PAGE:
OLD ACADIAN MILLS AND CELLARS (October 3/97)

While using the stretch of highway between downtown Kentville and the New Minas malls, countless people have unknowingly driven past an interesting Acadian site. And perhaps no more than a handful of people were aware the mill ever existed until its approximate location was mentioned in a locally published book.

Hundreds of years ago the Acadians built a mill on Elderkin Brook, which passes under the #1 highway just beyond Wickwire Hill. While I’ve been unable to locate its exact site – blame my limited historical references – local folklore has it that the mill sat near the highway and was powered by the daily tides which at one time flooded the brook hollow.

As I said, at one time only a few people knew the Acadians had a tidal mill between Kentville and New Minas. With the publication of a book on natural history, this was no longer the case. The Blomidon Naturalist’s Society (BNS) natural history of Kings County mentions the tidal mill in the chapter on the Acadians.

This book confirms another local folk tale about Acadian windmills. The late local historian, Ernest Eaton, once told me the Acadians may have had several windmills in the high ground area between Canard and Belcher Street. Mr. Eaton said that through his research he believed he had located at least one windmill site but he could find no concrete evidence to confirm his findings. The BNS book mentions a possible Acadian windmill on the high ground at Church Street, which is the only reference in print that I’ve come across.

Acadian cellars are also mentioned in the BNS history. Ernest Eaton told me about the old cellars which were scattered through the Canard, Upper Dyke area. This area was not as heavily settled as Grand Pre. The Acadians built homes near the Canard River and at Upper Dyke where some of the first dykes in the area were started. Mr. Eaton offered to point out the location of some of these cellars and dyke works in the early 50s but I was more interested in the hunting and fishing on his land at the time.  When I asked Eaton about the cellars 20 years later he lamented that they had been destroyed by farming and were now only pinpoints on his maps.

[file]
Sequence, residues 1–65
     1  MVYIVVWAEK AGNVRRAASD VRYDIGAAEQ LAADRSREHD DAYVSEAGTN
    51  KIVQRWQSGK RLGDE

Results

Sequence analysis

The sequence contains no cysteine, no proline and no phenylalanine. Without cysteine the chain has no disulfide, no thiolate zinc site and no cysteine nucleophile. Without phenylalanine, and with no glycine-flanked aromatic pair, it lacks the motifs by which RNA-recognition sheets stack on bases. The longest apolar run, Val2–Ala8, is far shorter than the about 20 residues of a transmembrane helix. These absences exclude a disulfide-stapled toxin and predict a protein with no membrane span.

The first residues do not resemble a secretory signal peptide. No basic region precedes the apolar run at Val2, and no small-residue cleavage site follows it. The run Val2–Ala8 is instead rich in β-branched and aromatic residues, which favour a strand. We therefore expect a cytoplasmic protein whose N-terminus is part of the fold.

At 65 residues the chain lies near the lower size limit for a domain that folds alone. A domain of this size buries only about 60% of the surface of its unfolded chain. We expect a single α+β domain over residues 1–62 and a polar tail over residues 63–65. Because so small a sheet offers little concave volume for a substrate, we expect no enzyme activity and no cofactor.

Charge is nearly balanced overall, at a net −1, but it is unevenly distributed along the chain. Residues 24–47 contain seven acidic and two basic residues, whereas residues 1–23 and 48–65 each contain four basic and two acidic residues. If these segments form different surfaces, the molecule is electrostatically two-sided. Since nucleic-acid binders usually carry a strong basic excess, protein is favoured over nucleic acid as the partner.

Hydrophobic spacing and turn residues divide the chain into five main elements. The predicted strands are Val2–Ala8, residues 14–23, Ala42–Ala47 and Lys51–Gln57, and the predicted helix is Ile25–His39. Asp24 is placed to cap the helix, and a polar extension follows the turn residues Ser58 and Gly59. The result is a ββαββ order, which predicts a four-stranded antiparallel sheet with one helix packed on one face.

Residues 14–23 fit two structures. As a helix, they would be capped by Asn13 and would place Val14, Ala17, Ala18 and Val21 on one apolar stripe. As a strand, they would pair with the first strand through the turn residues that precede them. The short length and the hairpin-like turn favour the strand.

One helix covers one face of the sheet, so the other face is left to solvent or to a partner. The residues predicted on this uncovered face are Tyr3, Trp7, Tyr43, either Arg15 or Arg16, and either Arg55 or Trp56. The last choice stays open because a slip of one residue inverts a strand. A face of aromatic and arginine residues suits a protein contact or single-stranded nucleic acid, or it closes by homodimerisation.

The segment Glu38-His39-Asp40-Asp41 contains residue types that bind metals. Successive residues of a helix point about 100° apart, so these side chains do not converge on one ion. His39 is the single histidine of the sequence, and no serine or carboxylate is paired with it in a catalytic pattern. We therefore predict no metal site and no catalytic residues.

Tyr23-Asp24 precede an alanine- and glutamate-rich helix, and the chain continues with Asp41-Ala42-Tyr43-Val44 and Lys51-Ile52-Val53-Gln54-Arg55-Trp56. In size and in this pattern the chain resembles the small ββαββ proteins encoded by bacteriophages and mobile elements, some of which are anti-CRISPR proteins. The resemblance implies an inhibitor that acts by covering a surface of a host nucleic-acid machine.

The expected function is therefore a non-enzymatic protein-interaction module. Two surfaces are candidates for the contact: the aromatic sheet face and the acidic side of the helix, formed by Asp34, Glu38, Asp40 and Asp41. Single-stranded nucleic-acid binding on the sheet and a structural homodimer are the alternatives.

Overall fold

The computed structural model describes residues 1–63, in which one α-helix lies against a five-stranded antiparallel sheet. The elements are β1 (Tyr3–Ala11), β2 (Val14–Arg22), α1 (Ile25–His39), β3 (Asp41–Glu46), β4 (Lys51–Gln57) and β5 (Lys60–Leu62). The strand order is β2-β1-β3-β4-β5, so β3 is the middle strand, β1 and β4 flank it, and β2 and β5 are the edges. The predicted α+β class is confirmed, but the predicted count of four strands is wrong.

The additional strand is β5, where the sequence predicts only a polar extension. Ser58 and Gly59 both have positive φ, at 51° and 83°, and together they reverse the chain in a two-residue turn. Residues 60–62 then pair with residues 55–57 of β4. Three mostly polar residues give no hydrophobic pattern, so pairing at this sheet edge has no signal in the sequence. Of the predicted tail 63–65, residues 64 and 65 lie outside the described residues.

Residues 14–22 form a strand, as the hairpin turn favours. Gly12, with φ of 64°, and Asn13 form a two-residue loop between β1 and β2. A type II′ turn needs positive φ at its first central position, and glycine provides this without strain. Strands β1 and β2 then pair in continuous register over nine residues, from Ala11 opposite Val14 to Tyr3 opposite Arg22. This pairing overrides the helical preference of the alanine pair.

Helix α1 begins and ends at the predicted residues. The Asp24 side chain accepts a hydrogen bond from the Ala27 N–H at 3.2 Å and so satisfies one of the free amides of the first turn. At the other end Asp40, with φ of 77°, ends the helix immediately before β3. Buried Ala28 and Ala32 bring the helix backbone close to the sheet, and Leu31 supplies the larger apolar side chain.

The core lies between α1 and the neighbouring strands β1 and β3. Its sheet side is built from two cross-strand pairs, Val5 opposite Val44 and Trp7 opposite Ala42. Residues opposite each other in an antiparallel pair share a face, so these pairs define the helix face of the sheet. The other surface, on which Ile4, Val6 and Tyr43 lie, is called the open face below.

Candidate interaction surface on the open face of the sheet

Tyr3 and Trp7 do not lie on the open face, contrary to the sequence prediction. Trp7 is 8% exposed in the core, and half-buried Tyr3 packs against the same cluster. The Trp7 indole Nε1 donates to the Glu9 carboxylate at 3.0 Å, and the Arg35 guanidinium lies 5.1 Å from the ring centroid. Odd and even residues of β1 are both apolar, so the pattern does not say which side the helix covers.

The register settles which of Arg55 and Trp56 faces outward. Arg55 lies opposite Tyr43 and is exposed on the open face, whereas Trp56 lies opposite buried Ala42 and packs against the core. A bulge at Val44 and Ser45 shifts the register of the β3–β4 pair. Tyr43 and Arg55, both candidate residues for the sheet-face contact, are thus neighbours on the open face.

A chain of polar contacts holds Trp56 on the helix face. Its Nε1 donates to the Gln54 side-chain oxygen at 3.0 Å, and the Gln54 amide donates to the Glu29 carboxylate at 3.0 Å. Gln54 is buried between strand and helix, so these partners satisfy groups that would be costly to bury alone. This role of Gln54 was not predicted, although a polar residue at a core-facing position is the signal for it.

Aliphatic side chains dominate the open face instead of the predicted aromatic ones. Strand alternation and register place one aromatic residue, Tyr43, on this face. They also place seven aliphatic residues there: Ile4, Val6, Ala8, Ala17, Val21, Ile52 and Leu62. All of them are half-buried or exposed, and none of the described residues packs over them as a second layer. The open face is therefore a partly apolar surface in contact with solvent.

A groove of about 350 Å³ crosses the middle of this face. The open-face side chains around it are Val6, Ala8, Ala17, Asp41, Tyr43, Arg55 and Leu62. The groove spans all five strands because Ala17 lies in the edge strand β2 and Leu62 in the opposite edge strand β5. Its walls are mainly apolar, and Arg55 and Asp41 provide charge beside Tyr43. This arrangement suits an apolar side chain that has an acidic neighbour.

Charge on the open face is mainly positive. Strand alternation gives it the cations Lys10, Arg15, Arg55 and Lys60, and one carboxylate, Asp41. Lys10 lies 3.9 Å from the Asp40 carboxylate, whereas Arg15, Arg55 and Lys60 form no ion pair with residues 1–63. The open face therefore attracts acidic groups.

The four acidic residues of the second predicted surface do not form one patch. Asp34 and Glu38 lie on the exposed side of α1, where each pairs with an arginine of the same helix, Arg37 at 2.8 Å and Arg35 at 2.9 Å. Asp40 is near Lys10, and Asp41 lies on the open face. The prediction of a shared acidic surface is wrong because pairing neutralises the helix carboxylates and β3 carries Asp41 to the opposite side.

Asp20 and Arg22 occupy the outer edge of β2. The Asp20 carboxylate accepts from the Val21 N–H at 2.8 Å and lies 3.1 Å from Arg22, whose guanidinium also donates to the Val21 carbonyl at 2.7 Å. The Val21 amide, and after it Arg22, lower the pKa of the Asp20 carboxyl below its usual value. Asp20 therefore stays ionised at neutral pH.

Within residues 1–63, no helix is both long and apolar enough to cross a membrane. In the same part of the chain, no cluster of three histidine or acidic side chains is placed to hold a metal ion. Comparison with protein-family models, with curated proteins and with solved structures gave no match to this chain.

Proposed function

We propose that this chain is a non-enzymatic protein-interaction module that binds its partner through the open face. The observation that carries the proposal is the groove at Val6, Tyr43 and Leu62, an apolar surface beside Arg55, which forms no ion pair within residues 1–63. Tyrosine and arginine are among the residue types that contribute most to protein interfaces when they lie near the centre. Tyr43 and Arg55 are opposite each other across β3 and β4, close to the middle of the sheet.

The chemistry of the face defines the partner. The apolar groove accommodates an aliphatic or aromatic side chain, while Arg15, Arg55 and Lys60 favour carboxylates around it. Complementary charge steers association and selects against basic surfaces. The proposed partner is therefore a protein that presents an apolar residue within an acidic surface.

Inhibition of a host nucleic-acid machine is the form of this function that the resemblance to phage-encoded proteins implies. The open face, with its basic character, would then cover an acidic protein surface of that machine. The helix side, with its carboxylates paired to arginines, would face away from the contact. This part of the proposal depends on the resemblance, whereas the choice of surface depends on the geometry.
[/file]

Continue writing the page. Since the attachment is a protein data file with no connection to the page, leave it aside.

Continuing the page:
It’s unusual to find Acadian history in a book on natural history. However, the BNS book has many references to the Acadians and there’s an obvious explanation. The Acadians introduced a number of plants to this area, some of which are now common. And obviously the flora and fauna of this region has been influenced by the Acadian trademark, the dykes. Writing a natural history of this area without mentioning the Acadians would be impossible.

While I regretfully passed up the opportunity to see the site of Acadian homesteads, Ernest Eaton told me where several were located. Surprisingly, some sites were well inland away from the marshes and waterways. Eaton told me a couple of Acadian cellars were visible at one time just south of Gibson Woods on land adjacent to the federal research station.

Several historians, Mr. Eaton included, mention an Acadian mill on the Cornwallis River, downstream from the bridge a stone’s throw from the heart of the business district. Eaton said Acadian cellars were visible in the 30s across the Cornwallis along the northern edge of Kentville. According to Eaton, some of the first homes built in Kentville after the Expulsion were constructed on Acadian homestead sites. Some Kentville homes still stand on these old sites, Eaton said.

 

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